It’s not a man’s world: how we can encourage more women into tech
With the tech sector frequently criticised for its lack of diversity, in this feature, we speak to a current student about why being in the minority hasn’t put her off pursuing her tech ambitions.
The tech sector is routinely criticised for its lack of diversity, particularly in comparison to other areas of the economy. According to a 2018 report from Inclusive Boards, only 13% of board positions in UK tech firms were held by women, compared to 30% on boards of FTSE 100 companies. Media attention surrounding male tech entrepreneurs – from Bill Gates and Steve Jobs to Mark Zuckerberg and Elon Musk – has only served to underline the point. Young women are left asking themselves, is there space for me in that world?
Girls are missing out on so many possibilities – everything in our lives involves computers and if you understand the science behind them you can go from just using a computer to making it do what you want it to do.
However, the now endemic male dominance within the tech sector is a surprisingly recent demographic shift. In fact, in the 1970s and early 1980s, the number of women undertaking degrees in computer science in the US grew to 37% - almost double the number applying in 2015.
The University of London, in partnership with member institution Goldsmiths, has launched a new online Computer Science programme and we spoke to one student about why being in the minority hasn’t put her off pursuing her tech ambitions.
Amanda Maria Bizzinotto Ferreira is studying the BSc in Computer Science (Web and Mobile Development), while also running her own digital marketing and web development agency. Having initially begun a degree in mechanical engineering, being outnumbered by male students isn’t new for her.
“My high school class was about half boys and half girls, but only two girls chose to study a degree in a science related field. I think it’s a shame. Personally I’ve always loved science, technology and maths but I think a lot of women are put off computer science by the maths involved. They’re missing out on so many possibilities that come from tech – everything in our lives involves computers and if you understand the science behind them you can go from just using a computer to making it do what you want it to do.”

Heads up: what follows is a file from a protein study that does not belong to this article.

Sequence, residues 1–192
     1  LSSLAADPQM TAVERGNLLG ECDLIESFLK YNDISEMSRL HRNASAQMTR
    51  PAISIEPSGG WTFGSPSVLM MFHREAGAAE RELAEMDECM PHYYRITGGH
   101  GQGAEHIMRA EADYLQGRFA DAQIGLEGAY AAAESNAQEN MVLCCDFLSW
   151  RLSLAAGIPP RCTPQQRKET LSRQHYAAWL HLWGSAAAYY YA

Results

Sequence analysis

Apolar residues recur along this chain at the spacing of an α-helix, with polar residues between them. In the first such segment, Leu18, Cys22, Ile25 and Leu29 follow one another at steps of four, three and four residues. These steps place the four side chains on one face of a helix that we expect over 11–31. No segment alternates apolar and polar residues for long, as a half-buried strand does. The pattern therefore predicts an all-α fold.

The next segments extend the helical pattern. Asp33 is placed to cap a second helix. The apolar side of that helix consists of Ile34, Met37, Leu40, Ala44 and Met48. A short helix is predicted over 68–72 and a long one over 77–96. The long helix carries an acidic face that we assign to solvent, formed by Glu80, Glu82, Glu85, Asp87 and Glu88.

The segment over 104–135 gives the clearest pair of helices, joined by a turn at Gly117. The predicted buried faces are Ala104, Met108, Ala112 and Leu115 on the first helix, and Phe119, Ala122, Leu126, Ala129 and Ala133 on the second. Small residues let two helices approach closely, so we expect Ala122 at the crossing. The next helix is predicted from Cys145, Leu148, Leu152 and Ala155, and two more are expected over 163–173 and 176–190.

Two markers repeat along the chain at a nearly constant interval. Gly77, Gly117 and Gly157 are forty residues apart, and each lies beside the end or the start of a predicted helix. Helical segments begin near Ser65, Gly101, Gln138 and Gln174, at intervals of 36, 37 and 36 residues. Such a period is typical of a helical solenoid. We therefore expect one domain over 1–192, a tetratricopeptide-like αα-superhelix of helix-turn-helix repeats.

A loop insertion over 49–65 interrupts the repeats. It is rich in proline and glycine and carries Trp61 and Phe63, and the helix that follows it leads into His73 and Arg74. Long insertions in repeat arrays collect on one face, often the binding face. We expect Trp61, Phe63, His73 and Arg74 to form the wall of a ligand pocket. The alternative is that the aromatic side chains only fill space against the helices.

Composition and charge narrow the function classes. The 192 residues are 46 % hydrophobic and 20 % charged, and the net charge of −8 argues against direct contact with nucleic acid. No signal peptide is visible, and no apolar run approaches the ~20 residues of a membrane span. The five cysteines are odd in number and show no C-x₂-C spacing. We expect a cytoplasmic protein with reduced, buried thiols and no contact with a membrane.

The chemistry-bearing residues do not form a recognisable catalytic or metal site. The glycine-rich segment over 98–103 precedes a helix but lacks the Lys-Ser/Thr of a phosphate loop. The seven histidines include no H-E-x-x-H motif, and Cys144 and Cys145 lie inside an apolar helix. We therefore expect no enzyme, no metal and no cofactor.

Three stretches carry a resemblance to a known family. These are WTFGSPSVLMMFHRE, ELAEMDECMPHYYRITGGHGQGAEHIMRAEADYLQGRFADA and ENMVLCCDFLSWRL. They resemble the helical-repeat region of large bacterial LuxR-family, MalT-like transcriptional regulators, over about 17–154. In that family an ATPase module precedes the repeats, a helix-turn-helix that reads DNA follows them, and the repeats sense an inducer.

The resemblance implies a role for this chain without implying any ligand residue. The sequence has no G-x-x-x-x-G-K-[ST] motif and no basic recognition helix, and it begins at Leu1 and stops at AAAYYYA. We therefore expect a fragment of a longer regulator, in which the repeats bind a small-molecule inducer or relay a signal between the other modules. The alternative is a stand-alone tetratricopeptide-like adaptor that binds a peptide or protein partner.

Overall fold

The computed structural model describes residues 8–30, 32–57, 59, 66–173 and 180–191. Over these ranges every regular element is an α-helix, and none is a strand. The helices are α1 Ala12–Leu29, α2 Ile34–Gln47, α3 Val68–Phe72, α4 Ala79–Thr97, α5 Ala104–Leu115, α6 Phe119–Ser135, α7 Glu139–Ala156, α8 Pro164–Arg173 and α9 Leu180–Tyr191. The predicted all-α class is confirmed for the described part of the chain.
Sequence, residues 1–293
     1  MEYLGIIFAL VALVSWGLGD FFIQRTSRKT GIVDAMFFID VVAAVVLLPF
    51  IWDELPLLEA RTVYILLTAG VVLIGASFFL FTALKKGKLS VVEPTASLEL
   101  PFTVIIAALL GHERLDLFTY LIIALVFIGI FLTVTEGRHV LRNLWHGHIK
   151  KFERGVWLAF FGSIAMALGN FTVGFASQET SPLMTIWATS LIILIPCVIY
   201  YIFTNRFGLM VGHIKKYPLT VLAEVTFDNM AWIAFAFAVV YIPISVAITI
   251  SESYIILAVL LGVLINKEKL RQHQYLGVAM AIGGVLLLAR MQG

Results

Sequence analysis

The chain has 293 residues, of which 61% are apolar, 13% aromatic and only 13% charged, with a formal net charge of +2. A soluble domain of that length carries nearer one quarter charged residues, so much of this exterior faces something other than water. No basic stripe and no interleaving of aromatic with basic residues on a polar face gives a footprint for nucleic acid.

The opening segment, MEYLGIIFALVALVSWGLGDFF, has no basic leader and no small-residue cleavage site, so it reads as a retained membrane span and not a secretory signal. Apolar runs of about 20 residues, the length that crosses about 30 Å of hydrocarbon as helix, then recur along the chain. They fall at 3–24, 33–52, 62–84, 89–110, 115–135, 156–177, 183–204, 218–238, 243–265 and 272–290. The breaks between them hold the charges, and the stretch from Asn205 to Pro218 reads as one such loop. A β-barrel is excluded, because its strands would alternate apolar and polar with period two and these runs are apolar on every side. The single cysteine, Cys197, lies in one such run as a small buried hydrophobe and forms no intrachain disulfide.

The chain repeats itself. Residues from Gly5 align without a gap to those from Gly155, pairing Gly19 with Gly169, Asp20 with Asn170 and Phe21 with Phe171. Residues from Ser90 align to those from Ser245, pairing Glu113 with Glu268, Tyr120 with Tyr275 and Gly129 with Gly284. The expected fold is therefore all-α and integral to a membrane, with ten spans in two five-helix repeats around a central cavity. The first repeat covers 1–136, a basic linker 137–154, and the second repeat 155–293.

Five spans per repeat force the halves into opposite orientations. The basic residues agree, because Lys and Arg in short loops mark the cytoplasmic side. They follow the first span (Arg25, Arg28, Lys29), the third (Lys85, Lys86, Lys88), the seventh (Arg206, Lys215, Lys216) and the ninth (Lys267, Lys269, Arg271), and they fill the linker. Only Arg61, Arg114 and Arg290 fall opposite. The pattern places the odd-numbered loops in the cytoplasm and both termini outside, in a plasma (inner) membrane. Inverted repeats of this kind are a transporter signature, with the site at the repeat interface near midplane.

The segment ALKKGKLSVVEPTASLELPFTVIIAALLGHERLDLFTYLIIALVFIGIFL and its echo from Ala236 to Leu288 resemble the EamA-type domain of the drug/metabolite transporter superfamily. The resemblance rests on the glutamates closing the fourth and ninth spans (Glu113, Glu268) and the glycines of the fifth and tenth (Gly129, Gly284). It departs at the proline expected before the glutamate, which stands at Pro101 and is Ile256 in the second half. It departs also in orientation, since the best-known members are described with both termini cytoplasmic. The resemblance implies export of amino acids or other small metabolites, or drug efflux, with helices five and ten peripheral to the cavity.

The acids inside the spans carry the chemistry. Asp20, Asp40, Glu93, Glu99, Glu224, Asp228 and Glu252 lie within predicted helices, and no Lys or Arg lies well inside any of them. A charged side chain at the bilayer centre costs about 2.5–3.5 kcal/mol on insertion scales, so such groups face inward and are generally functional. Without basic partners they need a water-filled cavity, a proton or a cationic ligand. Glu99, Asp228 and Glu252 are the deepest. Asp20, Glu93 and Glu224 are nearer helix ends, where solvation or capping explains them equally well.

Studying online really helps to remove any anxiety about being outnumbered by men – you can talk to anyone on the slack channel without feeling intimidated.
Increasing diversity, not only in terms of the gender split but also recruiting more people from ethnic minorities, is much more than a tick box exercise. In fact, it is estimated that having a more diverse workforce could increase the tech sector’s value by £2.6 billion in the UK and $400 billion in the US.
While reports suggest some women are put off by the lack of female role models in the industry and an unease about potentially ‘laddish’ cultures in tech companies, Amanda hasn’t experienced those issues.
“In my engineering degree I would walk into the classroom and see 50 guys and only two girls. It can feel intimidating and off-putting but actually I never had any problems and I don’t think my male classmates treated me any differently. That’s not to say it isn’t a problem for some students.
“With the University of London programme I’m studying online and that really helps to remove any anxiety about being outnumbered – you can talk to anyone on the slack channel without feeling intimidated."
I would say to any other girls out there who are considering a tech career – go for it! It’s so much fun and you will really enjoy yourself. You might feel nervous at first but if it’s the right career for you then it’s worth pushing yourself.
Find out how a BSc in Computer Science from the University of London could be the first step in your career.